I LOOK at Gov. Jay Inslee’s budget proposal through one lens: implications for higher education’s ability to serve Washington. While the budget represents real leadership, significant work must be done to shore up funding for higher education.
Washington’s revenue approach is broken — designed for an economy that no longer exists: taxing goods when today’s economy is service-based and goods are sold more and more outside the state’s taxing authority.
This means that, as the economy grows, state revenues grow more slowly. Budget requirements escalate as population grows, and commitments are locked in through formulaic spending obligations.
State support for public higher education is then remorselessly decreased.
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Over the last 25 years, the percentage of Washington’s budget going to four-year public higher education has dropped to 3.5 percent from 8.2 percent.
Inslee, then, is to be strongly commended for putting the issue of the broken revenue system before us.
I also laud his approach in addressing early learning and K-12 needs. The educational continuum is highly interdependent, the strength of each is critical to a shared mission of building a stronger Washington.
Inslee is also right in providing funding to help more low-income students pay for college.
Inslee’s support of need-based financial aid is also right on. High school graduation numbers are flat and projected to remain so. A growing proportion of these graduates come from lower-income families.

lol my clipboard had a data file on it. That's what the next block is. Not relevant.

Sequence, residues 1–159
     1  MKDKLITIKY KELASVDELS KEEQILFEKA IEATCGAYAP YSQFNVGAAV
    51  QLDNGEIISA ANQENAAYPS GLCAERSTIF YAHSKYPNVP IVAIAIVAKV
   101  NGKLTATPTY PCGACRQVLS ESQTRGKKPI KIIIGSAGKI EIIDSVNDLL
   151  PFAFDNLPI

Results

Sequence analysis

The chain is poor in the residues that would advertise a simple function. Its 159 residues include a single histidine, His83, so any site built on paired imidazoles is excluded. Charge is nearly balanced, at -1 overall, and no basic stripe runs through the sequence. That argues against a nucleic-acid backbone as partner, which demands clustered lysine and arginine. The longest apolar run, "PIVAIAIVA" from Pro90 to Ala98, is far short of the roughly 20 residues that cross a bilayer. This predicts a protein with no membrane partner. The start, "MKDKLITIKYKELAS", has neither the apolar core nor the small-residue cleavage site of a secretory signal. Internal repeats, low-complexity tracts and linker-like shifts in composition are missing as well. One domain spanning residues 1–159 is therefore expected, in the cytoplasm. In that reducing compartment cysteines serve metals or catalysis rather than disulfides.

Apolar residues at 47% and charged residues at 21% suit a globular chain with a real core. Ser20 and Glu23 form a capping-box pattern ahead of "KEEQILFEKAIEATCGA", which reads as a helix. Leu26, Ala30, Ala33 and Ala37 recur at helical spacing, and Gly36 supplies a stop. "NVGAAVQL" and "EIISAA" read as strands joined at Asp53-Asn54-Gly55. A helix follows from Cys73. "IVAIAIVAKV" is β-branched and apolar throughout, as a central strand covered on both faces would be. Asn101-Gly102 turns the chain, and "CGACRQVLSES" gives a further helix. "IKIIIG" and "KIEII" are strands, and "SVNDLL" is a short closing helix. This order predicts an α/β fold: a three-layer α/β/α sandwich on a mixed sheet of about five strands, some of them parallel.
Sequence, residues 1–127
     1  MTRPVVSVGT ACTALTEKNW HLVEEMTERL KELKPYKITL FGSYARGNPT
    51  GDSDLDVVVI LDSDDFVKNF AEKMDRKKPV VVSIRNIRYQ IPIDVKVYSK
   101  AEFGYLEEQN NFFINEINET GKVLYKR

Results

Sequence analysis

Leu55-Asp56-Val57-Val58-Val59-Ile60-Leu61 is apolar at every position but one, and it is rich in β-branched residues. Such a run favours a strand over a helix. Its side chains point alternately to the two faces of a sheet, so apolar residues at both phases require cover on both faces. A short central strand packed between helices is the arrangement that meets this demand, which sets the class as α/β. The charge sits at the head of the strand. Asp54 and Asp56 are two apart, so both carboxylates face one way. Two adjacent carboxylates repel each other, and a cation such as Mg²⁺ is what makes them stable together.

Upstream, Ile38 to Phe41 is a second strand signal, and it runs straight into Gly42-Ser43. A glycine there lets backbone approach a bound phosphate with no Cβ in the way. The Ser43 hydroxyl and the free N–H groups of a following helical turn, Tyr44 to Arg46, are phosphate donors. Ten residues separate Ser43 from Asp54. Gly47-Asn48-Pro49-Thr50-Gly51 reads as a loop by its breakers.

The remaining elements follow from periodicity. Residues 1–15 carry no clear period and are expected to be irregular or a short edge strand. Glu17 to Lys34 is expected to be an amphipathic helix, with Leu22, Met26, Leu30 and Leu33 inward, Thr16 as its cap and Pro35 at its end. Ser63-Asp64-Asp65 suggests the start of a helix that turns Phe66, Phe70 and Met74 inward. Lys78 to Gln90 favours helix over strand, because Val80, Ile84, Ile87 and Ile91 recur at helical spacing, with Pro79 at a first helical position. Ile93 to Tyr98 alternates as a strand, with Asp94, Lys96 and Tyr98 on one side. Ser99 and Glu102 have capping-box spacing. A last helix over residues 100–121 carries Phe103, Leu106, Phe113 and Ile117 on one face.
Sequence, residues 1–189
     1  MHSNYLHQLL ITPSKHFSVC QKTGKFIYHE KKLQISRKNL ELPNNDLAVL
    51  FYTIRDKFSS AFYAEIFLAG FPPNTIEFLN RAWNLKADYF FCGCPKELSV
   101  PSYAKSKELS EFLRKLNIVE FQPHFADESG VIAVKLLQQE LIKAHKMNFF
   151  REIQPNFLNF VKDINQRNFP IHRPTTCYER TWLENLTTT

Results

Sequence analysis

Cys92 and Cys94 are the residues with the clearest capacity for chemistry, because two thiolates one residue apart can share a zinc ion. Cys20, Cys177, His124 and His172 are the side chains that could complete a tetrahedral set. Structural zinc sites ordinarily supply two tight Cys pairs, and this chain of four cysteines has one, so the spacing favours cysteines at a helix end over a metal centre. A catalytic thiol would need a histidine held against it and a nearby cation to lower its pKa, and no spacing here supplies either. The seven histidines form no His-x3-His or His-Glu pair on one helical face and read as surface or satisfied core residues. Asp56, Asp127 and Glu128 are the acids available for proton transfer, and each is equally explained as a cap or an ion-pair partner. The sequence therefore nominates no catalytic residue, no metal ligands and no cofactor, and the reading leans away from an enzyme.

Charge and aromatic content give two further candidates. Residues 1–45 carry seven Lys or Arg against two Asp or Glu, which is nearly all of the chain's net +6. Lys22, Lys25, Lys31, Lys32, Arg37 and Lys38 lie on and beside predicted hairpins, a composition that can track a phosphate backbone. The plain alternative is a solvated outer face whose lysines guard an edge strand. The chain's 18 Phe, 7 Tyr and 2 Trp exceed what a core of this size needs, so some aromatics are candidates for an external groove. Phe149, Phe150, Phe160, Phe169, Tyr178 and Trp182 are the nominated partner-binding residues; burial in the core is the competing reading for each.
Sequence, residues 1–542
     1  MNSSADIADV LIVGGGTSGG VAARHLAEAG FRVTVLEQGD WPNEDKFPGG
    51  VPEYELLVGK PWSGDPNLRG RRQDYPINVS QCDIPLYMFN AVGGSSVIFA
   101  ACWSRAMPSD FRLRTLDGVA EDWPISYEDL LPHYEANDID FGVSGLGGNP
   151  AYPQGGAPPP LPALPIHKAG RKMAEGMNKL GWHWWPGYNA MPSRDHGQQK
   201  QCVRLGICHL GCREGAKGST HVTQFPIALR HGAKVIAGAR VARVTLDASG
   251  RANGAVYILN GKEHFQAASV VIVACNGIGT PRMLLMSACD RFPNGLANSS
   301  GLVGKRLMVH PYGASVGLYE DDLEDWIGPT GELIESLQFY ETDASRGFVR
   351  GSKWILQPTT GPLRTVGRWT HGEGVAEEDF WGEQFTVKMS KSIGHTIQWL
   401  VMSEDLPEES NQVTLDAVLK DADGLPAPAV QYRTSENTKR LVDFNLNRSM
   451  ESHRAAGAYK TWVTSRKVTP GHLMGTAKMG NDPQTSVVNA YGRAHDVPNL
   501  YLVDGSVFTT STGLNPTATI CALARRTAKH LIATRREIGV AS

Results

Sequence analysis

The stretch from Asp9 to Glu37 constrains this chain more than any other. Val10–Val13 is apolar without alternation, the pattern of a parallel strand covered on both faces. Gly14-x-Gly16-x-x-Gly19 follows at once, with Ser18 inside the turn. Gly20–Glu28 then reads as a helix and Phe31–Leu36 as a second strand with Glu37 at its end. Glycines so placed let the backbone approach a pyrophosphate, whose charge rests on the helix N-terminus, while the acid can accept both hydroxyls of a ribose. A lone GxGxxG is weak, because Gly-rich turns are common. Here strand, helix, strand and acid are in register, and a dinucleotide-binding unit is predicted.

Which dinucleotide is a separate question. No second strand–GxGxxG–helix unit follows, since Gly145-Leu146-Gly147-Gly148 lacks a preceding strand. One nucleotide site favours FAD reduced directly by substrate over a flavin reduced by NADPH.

Inslee’s proposals are also refreshing for what they do not include: magically thinking that higher ed growth can be addressed by improving efficiency.
Washington’s six public universities are already top in efficiency and effectiveness. Other states have performance problems. In Washington, it is a different challenge: The increased baccalaureate capacity we need comes at rock-bottom prices, but those prices do have to be funded.
Through tough times, Washington cut funding for baccalaureate education in half. Today, Washington ranks 49th out of 50 states in such funding. Thank goodness for Florida.
How much of the governor’s proposed additional revenue goes to reversing the 50 percent cut to higher education? None.
Indeed, the budget proposal would result in yet more severe budget cuts at Western Washington University.
That inevitably would affect course availability, the time it takes to earn a degree and the excellence of Washington’s premier public undergraduate university.
Freezing tuition is admirable, as the governor has proposed. But only if the price for doing that is paid.
For example, the governor’s budget assumes a large contractual commitment previously made in his office would be funded only one-third by the state, two-thirds by tuition. But, freezing tuition without paying the necessary freight makes this a budget reduction.
For WWU, this would result in a biennial loss of more than $7 million — equal to cutting 1,200 course offerings.
When the Legislature froze tuition for the current biennium, they got it right — they faced up to the costs. Thank you! That must again be done. And, the six public universities are united on a proposal to do just that.
Inslee’s budget proposal is to be commended, then, for seeking fixes to Washington’s broken tax structure. But, reinvesting (instead of further cutting) must be a priority if higher education is to remain the single most powerful lever the state has for building brighter futures for all.
His proposal is commendable for addressing the costs students and their families face. But, we must be willing to pay the price of tuition freezes.
The governor is to be commended for addressing critically important needs in early learning and K-12. But we must not be building a staircase to nowhere.
Bruce Shepard is president of Western Washington University.